U.S. Army to Use Solar Backpacks In Afghanistan
The U.S. military is increasingly embracing renewable energy, whether it be utilizing biofuel in the Air Force or creating tanks that run on hydrogen fuel cells. In it’s most recent effort, the U.S. Army has decided to utilise solar energy in Afghanistan — no doubt due to the high levels of sunlight, but also due to the problems of supplying troops with batteries for equipment in combat zones.
Developed by the U.S. Army Research, Development and Engineering Command’s communications-electronics center, the portable solar system is known as the Rucksack Enhanced Portable Power System (REPPS) and features a 62-watt solar panel “blanket” tucked into a backpack. The equipment was reportedly deployed to Afghanistan this summer. In the past, the Marines and the Air Force developed similar systems for their troops – the Marines created solar panels that fold into a suitcase-like unit for easy transportation, while the Air Force contracted Lockheed Martin to outfit shipping containers as portable solar power units.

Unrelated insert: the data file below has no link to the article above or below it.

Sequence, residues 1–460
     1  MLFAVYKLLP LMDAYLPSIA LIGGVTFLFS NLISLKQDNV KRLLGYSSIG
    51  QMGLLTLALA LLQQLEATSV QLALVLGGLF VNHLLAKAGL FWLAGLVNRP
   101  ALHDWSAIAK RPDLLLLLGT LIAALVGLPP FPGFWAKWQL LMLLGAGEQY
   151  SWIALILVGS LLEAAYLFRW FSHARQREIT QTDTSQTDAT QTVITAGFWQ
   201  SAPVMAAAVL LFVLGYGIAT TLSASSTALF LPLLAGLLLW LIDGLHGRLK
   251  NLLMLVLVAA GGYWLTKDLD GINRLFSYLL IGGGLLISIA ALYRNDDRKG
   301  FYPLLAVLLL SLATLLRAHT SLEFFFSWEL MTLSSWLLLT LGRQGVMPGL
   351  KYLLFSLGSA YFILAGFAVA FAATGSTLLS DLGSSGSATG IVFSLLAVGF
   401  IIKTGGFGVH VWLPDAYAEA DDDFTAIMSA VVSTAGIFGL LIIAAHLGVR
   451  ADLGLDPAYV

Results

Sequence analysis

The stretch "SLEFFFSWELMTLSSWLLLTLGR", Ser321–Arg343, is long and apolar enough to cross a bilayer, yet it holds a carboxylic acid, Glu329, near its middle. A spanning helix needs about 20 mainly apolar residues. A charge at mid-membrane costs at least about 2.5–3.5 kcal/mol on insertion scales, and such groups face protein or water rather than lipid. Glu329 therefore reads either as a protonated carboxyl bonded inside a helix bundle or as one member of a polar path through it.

While addressing the problem of supplying power to troops and bases in the field, the solar backpacks also aim to cut the cost of supplying fossil fuels to remote combat zones. As you’d expect, military equipment such as GPS units and radios demand a lot of energy, and as such having a renewable and sustainable source of power is of immense benefit to troops.
What makes the REPPS even more convenient to troops is its weight. At only ten pounds, the REPPS is light enough for troops to carry easily, and the flexible 62-watt solar blanket easily recharges batteries in a matter of hours. Military electronic devices can also be hooked up to the solar blanket to provide them with more power, and the REPPs is able to convert AC to DC with a number of adapters that can be plugged into walls, vehicles (through the cigarette lighter) and even disposable batteries.
Currently it is only the 173rd Airborne Brigade Combat Team based in Logar, Afghanistan that have the REPPS, but if the system stands up to the test of field use it is possible that more units will get them in the future.
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